European Union foreign ministers gathered in Luxembourg on Monday under pressure to produce more than words as bodies were brought ashore in Malta among hundreds feared drowned in the latest Mediterranean migrant tragedy.
The death toll from Sunday's shipwreck off the coast of Libya was uncertain after officials said there had been at least 700 people on board, some reportedly locked in the hold.
Hundreds of kilometres (miles) to the east, another vessel carrying dozens of migrants ran aground off the Greek island of Rhodes on Monday. Greek coast guards said at least three people were killed.
European officials are struggling to come up with a policy that would respond more humanely to an exodus of migrants travelling by sea from Africa and Asia to Europe, without worsening the crisis by encouraging more to leave.
Sunday's shipwreck off Libya appears to be the deadliest ever involving migrants attempting to cross the Mediterranean to Europe.
A Bangladeshi survivor told police there had been 950 passengers onboard, according to Italian media. The vessel sank when passengers rushed to one side to attract attention from a passing merchant ship.
In the Maltese capital Valletta, coast-guard officers brought ashore the 24 corpses found so far. Wearing white protective suits, they carried the victims in body-bags off the Italian ship Gregoretti and deposited them in hearses as survivors looked on from the deck.
Italian coastguard personnel in protective clothing carry the body of a dead immigrant off their ship Bruno Gregoretti in Senglea, in Valletta's Grand Harbour. (Reuters)
Twenty-eight survivors rescued so far will be taken on the same boat to the Sicilian port of Catania.
Europe's politicians face criticism from aid and human rights groups that they have been abandoning those in need of help to pander to anti-immigrant sentiment among the electorates in their home countries.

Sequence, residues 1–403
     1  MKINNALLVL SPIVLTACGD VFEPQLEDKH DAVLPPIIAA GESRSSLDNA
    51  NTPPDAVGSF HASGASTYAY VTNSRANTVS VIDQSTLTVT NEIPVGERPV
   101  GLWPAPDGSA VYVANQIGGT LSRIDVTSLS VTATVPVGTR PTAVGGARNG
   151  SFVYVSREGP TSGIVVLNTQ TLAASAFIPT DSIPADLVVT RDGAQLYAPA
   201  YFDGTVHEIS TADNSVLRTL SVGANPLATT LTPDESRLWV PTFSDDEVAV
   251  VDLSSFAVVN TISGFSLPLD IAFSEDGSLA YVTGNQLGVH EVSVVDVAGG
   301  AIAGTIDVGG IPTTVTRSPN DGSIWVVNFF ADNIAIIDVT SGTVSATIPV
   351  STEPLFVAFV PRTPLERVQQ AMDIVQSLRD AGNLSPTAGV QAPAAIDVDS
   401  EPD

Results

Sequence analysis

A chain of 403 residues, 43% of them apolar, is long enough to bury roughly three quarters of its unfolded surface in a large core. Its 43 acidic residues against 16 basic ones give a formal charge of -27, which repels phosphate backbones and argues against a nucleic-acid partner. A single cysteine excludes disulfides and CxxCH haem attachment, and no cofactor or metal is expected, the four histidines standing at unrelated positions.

An Italian search and rescue mission called "Mare Nostrum" was cancelled last year due to its cost and domestic political pressure, to be replaced by a smaller-scale EU mission called "Triton", with a smaller budget and narrower remit.
This year more than 1,500 people fleeing war and poverty are estimated to have died in the Mediterranean, packed into rickety boats by human traffickers in a bid to reach a better life in Europe. The deaths are up 15-fold compared with the same period of 2014.
"The reputation of Europe is at stake," said Italian foreign minister Paolo Gentiloni. "I have been saying for weeks and months that Europe has to do more, now unfortunately the reality has hit us in the face."
However there are differing views among what needs to be done, from ramping up costly search and rescue operations to trying to intervene in lawless Libya, where the vast majority of migrant boats depart.
Malta's Prime Minister Joseph Muscat said on Monday the United Nations should mandate a force to intervene directly in Libya to disrupt or attack people-traffickers and stop the boats from setting off.
Lawlessness in Libya, where two rival governments are fighting for control, has made it almost impossible to police the criminal gangs who can charge thousands of dollars to bring mainly sub-Saharan Africans to Europe.
"I believe that the (European) focus should be what should be done in Libya to stop the boats," said Muscat, who is in Rome on Monday to meet with Italian Prime Minister Matteo Renzi.
"Unless something is done about Libya, these scenes will be repeating themselves."
Only last week around 400 migrants were reported to have died attempting to reach Italy from Libya when their boat capsized.
Before Sunday's disaster, the International Organisation for Migration estimated around 20,000 migrants had reached the Italian coast this year, and 900 had died.
Read: Survivor: Smugglers locked hundreds in hold of capsized boat
Read: Up to 700 feared dead after migrant boat sinks off Libya